Though changing the title of “teacher” to “mentor,” may not overhaul people’s perceptions of education, it will help. The term “teacher” also serves as an abstraction that de-humanizes them and serves as a barrier in building relationships. Who do you think you would have a stronger relationship with, a teacher or a mentor? When I think of the dozens of people who have had a huge influence on my life, only five of them are teachers.

What if students saw their teachers as experienced and trusted advisers? How would they treat them? What if teachers saw themselves in the same way? If you were a mentor to your students, how would you approach your work differently? What if the government saw teachers as mentors instead, would, say, standardized tests be as important as they are now, does individual growth become more important?

Keep in mind, these are just ideas from one perspective. I’m no expert by any means, but I did stay in a- Nope! Not going to say it. I did not stay in a Holiday Inn Express last night, and am therefore not an expert on staying in Holiday Inn Expresses!

Sorry about that. Sometimes I think on my keyboard… Back to what I was saying.

I’m no expert on education by any means, but I think it’s time to start thinking of ideas for solutions that move us forward from getting mired in the problem. For change to occur, new perspectives are needed. That’s all I want to provide here. The world needs new ideas, and ideas are created by people like me and you. As they say, “Ideas are what built IKEAs, but ideas can also build better futures.”

(How many times can I write the word “idea” in one blog post?)

How do you think the ideas I presented would improve people? (People = the end product of our education system) What long-term problems can be solved if we learned concepts like empathy, appreciation, and creativity at a young age? What else do you think children could learn so they live a life that revolves around making the world better? If I were to call you a mentor, what do you picture yourself doing to earn that title? What ideas do you have that create a better world for yourself and those around you?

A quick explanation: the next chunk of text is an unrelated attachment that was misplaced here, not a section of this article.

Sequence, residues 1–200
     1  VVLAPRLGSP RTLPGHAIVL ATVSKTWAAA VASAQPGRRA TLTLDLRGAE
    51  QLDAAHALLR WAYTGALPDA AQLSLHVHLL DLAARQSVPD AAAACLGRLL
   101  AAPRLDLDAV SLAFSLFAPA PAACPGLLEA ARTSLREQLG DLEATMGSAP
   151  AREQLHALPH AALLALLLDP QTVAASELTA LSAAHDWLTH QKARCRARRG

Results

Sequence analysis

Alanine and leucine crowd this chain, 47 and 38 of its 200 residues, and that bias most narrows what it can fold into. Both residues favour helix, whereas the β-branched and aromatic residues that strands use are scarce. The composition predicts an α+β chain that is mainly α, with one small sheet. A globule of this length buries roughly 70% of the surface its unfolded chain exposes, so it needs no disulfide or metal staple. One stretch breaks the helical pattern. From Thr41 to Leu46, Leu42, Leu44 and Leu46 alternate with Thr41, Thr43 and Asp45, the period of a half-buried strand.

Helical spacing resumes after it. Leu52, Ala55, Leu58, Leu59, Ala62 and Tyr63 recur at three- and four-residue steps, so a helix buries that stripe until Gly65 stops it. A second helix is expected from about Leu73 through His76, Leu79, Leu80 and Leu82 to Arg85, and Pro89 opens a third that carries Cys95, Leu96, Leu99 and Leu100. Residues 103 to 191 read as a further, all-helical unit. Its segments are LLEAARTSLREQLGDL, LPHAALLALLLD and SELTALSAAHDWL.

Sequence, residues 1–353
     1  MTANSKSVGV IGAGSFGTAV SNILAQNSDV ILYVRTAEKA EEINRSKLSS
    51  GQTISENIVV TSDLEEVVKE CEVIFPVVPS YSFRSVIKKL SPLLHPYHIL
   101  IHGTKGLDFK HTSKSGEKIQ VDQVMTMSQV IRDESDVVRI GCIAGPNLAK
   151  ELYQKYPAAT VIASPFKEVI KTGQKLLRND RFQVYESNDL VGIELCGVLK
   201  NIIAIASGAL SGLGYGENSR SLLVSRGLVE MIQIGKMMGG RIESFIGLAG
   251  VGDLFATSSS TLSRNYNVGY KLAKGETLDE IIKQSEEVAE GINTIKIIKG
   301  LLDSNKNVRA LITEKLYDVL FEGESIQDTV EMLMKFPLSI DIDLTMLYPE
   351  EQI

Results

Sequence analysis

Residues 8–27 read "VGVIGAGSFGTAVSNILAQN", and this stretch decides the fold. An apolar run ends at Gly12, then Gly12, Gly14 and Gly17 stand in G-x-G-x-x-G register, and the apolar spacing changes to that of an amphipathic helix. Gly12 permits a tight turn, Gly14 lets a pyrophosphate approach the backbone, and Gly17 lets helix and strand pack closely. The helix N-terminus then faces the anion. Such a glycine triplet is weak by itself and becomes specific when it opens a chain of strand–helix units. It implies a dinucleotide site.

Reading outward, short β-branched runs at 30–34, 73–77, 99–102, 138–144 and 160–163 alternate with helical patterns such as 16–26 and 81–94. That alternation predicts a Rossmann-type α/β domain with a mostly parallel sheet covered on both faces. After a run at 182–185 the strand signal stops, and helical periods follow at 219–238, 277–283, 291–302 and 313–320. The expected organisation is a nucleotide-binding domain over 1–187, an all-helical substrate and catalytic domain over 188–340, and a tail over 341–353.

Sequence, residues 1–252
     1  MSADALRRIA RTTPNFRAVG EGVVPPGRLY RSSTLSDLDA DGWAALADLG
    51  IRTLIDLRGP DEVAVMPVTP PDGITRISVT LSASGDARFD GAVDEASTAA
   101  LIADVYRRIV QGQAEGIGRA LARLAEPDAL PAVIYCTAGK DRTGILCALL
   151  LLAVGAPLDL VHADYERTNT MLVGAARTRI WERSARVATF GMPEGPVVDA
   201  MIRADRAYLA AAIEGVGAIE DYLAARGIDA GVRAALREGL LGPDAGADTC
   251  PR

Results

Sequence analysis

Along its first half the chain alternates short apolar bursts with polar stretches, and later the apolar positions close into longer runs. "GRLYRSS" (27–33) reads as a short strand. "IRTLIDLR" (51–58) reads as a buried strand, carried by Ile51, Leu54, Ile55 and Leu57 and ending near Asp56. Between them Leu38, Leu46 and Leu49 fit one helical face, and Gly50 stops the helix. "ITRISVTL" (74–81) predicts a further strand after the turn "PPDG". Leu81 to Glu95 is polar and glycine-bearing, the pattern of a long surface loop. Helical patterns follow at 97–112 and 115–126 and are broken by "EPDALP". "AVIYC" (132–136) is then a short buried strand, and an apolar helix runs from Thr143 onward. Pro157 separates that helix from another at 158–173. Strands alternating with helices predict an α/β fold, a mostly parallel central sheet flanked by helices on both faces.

TED is a rabbit hole of useful information. Feel free to get lost in the ideas of these dynamic thinkers, working to make the educational system a better place. Trust me, it’s much more illuminating than falling into the Infinite Facebook Abyss:

“Never stop asking questions because the world is going to keep needing answers.” – Someone who answered the question “When do I stop asking questions?”

“Because without questions, there are no answers.” – The person who asked “When do I stop asking questions?” to his Motivational Quotes 101 professor following his response.

Okay, how many times did I use the word “ideas?”

This Study Could Change the Way We Think

Every so often, there comes a scientific discovery that dramatically changes the world. Many of these studies have no impact on our day-to-day lives, and we’re left saying, “That’s great, but what does that have to do with me?” I spend a lot of time asking questions and doing research on thinking and how it affects our results, so I find some interesting articles and try to apply what I learn to my life. This article, however, made my jaw drop. A psychology student at Colorado College decided to do a sleep study on two groups of students for her thesis, and the results are incredibly far-reaching. And yes, the results do have something to do with you, me, and everyone else.